Under the legislation, tech companies would have to: remove protections on devices; give law enforcement agencies the design specs of their devices; install software on a device when asked; provide access to devices; and help agencies build their own systems.
The draft legislation was introduced by cyber security minister Angus Taylor and is open for submissions until September 10th. The sitting government is aiming to have it introduced by years end but will struggle to do so given its sensitive nature in affectively removing an individuals right to privacy and thus likely being submitted to a committee for review.
Under the legislation companies who do the right thing will be compensated for their time, however for those that don’t, expect a fine of up to a lazy A$10m.
For individuals, failing to unlock your device or decrypt any information requested by the powers that be, you’ll face a A$500k fine or a lazy 5 years in jail for “simple offences” or 10 years for crimes deemed “serious”.
Google has announced that the final, shipping version of the newest Android update is available for all Pixel phones today. And, as usual, it has announced a name to go along with the over-the-air update: “Android 9 Pie.”
Pixel owners rejoice, Android P is on its way in an over-the-air update to you today. With the release of the new OS also comes an end to speculation over which name will be chosen to follow Android Oreo. Wave goodbye to Popsicle, Pop-Tart or Peppermint – tonight you’re getting Pie for dessert.
Android 9 Pie ships with a variety of previously announced features baked in, such as access to Google’s Digital Wellbeing beta. Digital wellness is the latest buzz phrase in tech with other big names like Apple and Facebook recently announcing similar features. The idea is to help users limit the time spent mindlessly scrolling the same app, vacant expression on their face and string of drool clinging to their lip. It’s unbecoming and skewing the value of screen time stats.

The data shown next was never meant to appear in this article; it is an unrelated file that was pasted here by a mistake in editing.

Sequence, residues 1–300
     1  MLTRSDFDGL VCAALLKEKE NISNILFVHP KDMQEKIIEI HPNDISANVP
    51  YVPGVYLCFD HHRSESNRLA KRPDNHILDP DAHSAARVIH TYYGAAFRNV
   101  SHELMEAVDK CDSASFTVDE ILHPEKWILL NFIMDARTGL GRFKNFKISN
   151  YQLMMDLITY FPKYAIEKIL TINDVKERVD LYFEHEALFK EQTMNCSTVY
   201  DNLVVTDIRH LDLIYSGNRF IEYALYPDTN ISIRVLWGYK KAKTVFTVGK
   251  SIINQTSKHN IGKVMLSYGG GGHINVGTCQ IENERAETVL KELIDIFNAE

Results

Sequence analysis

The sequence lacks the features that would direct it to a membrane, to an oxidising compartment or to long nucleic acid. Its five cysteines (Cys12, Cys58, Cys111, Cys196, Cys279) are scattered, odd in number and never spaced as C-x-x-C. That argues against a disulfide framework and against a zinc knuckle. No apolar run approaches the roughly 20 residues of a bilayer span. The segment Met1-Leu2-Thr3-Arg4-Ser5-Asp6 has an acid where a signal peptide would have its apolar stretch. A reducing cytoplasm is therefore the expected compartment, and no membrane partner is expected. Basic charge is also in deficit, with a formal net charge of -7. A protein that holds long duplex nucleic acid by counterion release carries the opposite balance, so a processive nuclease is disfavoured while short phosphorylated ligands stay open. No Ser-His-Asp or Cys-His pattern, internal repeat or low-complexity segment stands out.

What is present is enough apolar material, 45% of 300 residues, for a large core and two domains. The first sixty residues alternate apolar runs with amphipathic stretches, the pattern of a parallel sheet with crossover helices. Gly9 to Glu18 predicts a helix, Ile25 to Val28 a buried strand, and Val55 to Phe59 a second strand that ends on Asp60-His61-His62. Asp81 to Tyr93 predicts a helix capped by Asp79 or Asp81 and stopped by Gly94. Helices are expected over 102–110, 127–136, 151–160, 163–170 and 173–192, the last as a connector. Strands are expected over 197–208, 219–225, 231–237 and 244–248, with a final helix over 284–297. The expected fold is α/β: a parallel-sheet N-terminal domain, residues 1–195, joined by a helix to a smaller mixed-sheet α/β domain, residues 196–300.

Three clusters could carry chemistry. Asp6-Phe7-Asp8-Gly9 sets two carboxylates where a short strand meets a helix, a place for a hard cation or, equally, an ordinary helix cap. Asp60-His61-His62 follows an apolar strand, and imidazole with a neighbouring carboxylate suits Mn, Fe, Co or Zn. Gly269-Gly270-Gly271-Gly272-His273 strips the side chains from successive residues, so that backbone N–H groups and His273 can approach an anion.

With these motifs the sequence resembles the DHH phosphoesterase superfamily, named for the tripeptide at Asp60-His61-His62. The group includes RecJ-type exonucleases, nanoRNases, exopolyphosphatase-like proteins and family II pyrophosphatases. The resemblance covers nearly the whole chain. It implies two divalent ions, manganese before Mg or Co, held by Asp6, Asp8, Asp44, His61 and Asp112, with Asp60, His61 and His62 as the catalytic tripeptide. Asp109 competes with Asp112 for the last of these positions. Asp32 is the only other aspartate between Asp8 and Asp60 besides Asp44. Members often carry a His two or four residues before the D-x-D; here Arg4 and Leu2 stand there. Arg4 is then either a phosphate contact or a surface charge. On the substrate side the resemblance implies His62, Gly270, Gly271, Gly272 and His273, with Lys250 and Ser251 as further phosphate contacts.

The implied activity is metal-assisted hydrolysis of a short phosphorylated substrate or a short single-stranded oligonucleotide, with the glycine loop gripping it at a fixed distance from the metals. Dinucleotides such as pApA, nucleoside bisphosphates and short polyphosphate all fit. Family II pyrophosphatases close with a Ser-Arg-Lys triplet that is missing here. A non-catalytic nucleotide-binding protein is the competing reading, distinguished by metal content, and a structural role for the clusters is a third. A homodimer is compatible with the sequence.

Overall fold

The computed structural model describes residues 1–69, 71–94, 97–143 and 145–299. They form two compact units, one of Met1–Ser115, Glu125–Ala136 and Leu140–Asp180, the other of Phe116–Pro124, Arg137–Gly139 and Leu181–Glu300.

Cricket Australia has sacked a female employee after she campaigned for abortion reform on social media, telling the woman that concerns she had insulted the Tasmanian government were central to her dismissal.
Due to the closure of the last publicly run abortion clinic in Tasmania Angela Williamson, whom was working as the manager of public policy & government relations for Cricket Australia, was forced to travel to Melbourne for a termination.
The mother of three had criticised the Tasmanian government in a series of tweets beginning in January of 2018 and was told they’d “damaged [her] relationship with the government”.
Cricket Australia has confirmed that the matter is now in the hands of each party’s legal teams and has made a statement saying that whilst they “respect an individual’s right to their opinion” they expect “employees will refrain from making offensive comments that contravene the organisation’s policies.”
Personally, my takeaway from the statement is that Cricket Australia doesn’t believe women should have publicly available local options for pregnancy terminations in the state of Tasmania.